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Biomedical Engineering Department Recruits New Female Talent


Gordana Vunjak-Novakovic

Helping to reverse the statistic that has so few women working in the sciences in the nation's top universities, the Department of Biomedical Engineering of the Fu Foundation School of Engineering and Applied Science has succeeded in luring top biomedical engineer Gordana Vunjak-Novakovic as a full professor. She comes to Columbia University from the Massachusetts Institute of Technology, where she was leading a research team on tissue engineering.

Vunjak-Novakovic received her Ph.D. in chemical engineering from the University of Belgrade in 1980. She is one of the leading tissue engineers in America today, a codirector of the Tissue Engineering Resource Center at the National Institutes of Health (NIH), and a fellow of the American Institute for Medical and Biological Engineering. Her forthcoming book, Culture of Cells for Tissue Engineering, coauthored with R. Ian Freshney, will appear in early 2006.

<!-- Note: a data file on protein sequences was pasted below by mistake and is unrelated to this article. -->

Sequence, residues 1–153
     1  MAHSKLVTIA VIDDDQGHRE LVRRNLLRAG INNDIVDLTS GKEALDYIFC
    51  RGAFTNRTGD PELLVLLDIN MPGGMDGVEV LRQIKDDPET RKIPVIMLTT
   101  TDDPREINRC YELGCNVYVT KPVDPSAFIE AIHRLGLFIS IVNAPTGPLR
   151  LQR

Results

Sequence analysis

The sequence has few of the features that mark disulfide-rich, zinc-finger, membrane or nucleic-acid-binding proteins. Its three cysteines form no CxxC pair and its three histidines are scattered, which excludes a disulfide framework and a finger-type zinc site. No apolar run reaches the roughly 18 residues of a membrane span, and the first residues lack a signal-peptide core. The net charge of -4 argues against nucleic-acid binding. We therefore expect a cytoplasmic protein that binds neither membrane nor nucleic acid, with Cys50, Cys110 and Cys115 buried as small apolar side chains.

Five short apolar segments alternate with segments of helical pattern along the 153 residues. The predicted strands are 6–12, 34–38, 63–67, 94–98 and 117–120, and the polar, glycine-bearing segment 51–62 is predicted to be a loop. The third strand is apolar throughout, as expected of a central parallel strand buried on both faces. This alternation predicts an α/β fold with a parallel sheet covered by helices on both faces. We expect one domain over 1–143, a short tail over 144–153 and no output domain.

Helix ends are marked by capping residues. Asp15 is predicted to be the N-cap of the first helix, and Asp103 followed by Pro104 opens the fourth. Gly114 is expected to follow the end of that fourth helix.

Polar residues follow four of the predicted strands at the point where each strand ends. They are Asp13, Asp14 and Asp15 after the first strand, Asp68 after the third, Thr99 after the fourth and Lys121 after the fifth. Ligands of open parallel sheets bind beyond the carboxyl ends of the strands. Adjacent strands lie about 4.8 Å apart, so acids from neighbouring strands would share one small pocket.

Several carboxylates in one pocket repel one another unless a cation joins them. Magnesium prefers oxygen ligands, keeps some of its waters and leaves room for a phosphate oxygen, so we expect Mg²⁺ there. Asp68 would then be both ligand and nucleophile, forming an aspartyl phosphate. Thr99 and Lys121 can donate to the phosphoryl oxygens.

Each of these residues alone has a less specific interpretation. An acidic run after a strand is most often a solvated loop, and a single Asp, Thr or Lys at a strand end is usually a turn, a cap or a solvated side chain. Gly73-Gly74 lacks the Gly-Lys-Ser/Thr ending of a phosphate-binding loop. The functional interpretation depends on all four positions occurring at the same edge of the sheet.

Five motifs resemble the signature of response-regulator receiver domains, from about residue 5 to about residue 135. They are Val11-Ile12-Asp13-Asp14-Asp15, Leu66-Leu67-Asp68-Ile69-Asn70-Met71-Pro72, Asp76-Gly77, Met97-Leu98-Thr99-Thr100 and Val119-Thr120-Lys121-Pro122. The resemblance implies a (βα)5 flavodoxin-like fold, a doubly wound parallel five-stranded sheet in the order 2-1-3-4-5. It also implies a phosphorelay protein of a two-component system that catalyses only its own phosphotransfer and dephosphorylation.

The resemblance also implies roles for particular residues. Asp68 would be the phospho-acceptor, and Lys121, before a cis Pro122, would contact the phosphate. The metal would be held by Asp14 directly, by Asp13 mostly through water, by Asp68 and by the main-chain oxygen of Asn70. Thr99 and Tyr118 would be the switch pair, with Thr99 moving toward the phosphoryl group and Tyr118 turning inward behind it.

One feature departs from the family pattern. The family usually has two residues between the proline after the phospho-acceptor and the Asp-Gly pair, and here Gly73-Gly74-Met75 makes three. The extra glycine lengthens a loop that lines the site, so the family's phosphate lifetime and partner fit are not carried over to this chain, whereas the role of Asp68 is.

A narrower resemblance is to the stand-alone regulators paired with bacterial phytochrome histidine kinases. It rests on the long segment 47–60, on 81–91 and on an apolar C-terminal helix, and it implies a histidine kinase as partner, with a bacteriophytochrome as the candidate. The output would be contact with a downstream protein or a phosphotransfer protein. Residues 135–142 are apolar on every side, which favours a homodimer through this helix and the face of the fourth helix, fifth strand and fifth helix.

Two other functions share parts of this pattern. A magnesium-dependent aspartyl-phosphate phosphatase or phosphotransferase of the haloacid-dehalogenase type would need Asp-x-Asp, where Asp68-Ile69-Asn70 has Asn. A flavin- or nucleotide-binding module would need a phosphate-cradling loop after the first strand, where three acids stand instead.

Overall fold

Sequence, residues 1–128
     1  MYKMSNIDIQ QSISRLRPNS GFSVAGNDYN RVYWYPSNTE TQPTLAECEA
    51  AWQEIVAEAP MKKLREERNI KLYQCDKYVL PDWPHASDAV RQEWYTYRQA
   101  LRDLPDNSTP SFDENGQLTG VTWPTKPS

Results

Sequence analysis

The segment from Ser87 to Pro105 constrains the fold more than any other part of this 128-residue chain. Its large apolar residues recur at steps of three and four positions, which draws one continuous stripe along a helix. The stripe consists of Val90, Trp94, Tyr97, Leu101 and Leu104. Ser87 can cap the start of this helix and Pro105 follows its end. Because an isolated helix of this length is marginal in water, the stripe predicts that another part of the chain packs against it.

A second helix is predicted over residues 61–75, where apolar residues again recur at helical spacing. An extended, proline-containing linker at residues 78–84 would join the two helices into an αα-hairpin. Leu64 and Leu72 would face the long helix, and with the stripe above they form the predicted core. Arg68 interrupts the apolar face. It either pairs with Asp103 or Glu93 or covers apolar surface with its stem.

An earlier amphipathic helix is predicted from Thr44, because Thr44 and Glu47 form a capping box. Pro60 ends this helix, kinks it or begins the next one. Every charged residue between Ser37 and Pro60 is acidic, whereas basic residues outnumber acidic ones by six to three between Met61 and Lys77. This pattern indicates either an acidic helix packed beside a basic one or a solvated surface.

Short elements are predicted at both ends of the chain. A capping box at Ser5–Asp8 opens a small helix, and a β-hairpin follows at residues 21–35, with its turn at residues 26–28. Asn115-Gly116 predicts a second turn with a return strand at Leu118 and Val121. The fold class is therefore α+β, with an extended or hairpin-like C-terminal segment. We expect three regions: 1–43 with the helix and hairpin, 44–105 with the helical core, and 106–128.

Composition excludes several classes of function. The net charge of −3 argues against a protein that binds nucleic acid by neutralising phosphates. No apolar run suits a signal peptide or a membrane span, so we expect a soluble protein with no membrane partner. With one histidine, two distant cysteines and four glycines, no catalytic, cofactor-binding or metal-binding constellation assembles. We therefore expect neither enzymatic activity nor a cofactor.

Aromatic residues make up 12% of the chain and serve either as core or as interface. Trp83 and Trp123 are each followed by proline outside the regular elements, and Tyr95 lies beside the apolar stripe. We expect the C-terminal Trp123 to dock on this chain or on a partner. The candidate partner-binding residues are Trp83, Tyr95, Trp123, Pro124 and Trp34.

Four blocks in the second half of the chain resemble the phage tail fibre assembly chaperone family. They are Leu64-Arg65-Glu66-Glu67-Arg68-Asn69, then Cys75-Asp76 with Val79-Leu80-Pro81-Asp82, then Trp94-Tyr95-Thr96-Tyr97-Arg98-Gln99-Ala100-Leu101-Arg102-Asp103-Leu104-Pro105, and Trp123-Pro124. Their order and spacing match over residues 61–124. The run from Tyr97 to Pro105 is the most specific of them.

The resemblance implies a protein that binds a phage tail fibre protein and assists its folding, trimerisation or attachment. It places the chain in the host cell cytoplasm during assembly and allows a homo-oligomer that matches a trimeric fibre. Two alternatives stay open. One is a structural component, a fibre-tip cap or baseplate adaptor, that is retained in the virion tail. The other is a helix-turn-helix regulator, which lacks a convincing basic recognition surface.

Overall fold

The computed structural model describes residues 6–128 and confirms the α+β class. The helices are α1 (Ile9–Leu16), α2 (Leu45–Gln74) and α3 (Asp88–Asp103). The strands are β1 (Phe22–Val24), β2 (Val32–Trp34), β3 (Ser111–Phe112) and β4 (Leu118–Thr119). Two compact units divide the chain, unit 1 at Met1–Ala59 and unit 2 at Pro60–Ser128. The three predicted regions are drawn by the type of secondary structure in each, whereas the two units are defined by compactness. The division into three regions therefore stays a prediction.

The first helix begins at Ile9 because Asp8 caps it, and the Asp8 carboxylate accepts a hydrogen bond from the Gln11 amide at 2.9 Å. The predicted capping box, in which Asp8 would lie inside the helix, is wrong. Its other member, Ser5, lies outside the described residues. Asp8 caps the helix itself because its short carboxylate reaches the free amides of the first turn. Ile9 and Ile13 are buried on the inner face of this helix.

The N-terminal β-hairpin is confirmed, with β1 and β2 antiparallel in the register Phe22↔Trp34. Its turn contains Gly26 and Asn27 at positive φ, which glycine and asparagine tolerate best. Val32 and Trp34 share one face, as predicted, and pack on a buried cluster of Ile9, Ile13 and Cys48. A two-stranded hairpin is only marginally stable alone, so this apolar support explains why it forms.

At Columbia, Vunjak-Novakovic is the primary investigator for two new NIH grants worth nearly $5 million. The first involves research in the emerging field of craniofacial tissue engineering.

The tissues of the head and face offer particularly challenging targets for bioengineers because of being powered by networks of muscles, nerves and blood vessels. Vunjak-Novakovic's laboratory is addressing the problem of generating these complex tissue structures by utilizing novel matrices that house growth factors, and novel culture systems designed to guide the cells in forming functional tissue structures. The underlying principle is "biomimetic," which bases the designs of tissue engineering systems on reproducing principles found in developmental biology.

Vunjak-Novakovic's second challenge consists of setting up a new laboratory that works with human stem cells and advanced biomaterial scaffolds and bioreactors to engineer new tissues that could potentially aid in the treatment and repair of damaged or diseased heart muscle, bones, cartilage and ligaments.

These same tissues are also used as "high fidelity" models for fundamental biological research, to help understand some of the normal and pathological processes underlying the function of our tissues. For this project, Vunjak-Novakovic is collaborating with conjunction with colleagues from the School of Engineering and the medical and dental schools.


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Published: Nov 07, 2005
Last modified: Nov 04, 2005

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